As it turns out, we got out of Dodge at just the right time. Wildfires kicked up in the Portland area in a big way immediately after we left. Our run east to Boise was uneventful as was our stay there. Between Covid and holiday crowds, we felt it best to just hunker down, which we did.

One of my trip planning tools is a website called Windy. It provides a nice view of upcoming weather, particularly wind speeds. Wind is not my friend since we are effectively driving a large sail down the highway. Broadside gusts can make life interesting. Looking at Windy showed some strong winds on our travel days due to a front moving through, starting just at our overnight stay in eastern Idaho as well as in Salt Lake City the next day. So we decided to stop for a couple of nights a bit earlier than planned. Twin Falls, ID looked good so I found a park near there and off we went.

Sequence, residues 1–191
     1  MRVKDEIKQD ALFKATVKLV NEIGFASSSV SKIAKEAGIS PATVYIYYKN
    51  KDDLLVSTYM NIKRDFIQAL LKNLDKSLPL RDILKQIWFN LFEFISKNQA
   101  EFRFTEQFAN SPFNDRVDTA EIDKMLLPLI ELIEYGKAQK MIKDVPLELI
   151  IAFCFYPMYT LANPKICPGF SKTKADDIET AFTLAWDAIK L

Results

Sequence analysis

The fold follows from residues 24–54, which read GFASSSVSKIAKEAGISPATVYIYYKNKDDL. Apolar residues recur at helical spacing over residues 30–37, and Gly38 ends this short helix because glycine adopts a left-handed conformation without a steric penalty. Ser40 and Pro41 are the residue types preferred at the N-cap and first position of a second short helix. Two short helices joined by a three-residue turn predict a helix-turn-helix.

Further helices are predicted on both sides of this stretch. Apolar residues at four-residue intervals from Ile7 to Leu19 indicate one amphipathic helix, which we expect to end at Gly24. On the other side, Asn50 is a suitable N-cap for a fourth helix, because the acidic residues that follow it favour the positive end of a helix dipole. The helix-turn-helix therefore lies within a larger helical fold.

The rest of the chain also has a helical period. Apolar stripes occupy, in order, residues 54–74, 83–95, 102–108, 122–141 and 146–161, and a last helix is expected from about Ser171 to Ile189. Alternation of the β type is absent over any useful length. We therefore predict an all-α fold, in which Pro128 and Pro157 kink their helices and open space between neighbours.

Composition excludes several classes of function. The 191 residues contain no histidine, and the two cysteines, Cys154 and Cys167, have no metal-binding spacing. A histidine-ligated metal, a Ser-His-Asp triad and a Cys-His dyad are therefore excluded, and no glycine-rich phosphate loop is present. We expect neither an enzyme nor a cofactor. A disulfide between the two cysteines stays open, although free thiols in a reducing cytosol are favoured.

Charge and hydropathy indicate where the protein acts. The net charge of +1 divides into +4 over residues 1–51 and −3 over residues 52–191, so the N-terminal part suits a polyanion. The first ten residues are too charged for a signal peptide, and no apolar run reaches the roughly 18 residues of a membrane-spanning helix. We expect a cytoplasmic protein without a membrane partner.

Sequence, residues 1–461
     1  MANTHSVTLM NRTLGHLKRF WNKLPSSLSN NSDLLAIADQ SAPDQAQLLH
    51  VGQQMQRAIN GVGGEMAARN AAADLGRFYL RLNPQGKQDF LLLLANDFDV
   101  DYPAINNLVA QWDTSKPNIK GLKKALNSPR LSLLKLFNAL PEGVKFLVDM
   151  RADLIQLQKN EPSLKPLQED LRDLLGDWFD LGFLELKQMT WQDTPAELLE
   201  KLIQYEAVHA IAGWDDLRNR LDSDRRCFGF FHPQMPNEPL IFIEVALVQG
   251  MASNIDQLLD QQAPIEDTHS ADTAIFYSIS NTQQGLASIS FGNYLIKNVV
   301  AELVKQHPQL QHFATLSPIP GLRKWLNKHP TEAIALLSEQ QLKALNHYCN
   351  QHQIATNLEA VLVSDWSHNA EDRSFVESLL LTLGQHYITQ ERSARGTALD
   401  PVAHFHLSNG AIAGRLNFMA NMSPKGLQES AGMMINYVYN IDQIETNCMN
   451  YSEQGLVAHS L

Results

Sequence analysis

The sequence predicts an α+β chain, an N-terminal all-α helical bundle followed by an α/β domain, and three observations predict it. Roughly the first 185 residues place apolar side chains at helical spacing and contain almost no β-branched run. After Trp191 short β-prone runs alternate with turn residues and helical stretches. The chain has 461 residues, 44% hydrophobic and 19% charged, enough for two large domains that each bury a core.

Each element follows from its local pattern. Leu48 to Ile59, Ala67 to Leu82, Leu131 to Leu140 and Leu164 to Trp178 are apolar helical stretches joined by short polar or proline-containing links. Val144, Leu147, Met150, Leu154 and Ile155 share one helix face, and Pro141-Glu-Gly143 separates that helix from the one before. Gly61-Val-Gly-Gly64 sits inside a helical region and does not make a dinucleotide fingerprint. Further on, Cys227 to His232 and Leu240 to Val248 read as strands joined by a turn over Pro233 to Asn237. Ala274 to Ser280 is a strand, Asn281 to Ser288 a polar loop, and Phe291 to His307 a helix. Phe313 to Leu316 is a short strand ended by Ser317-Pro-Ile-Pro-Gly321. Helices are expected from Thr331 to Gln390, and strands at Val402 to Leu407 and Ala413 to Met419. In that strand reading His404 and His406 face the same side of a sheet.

This turned out to be a great decision for two reasons. First, the winds were indeed crazy with 90 mph gusts in SLC. Forty-nine semi-trucks were blown over right when we were to arrive! Bullet: dodged. Second: Twin Falls rocked! Beautiful canyon which Evel Knieval tried to jump on his motorcycle, lovely waterfalls, charming downtown area. Significantly better than muscling Sybil and the truck through high winds.

After our layover we headed to SLC for a few nights. Three words describe our stay: lousy air quality. We were happy to move on and start our time in Moab, Grand Junction, and Bryce. More on that next time. Meanwhile here’s a handful of shots from the Gorge and Twin Falls.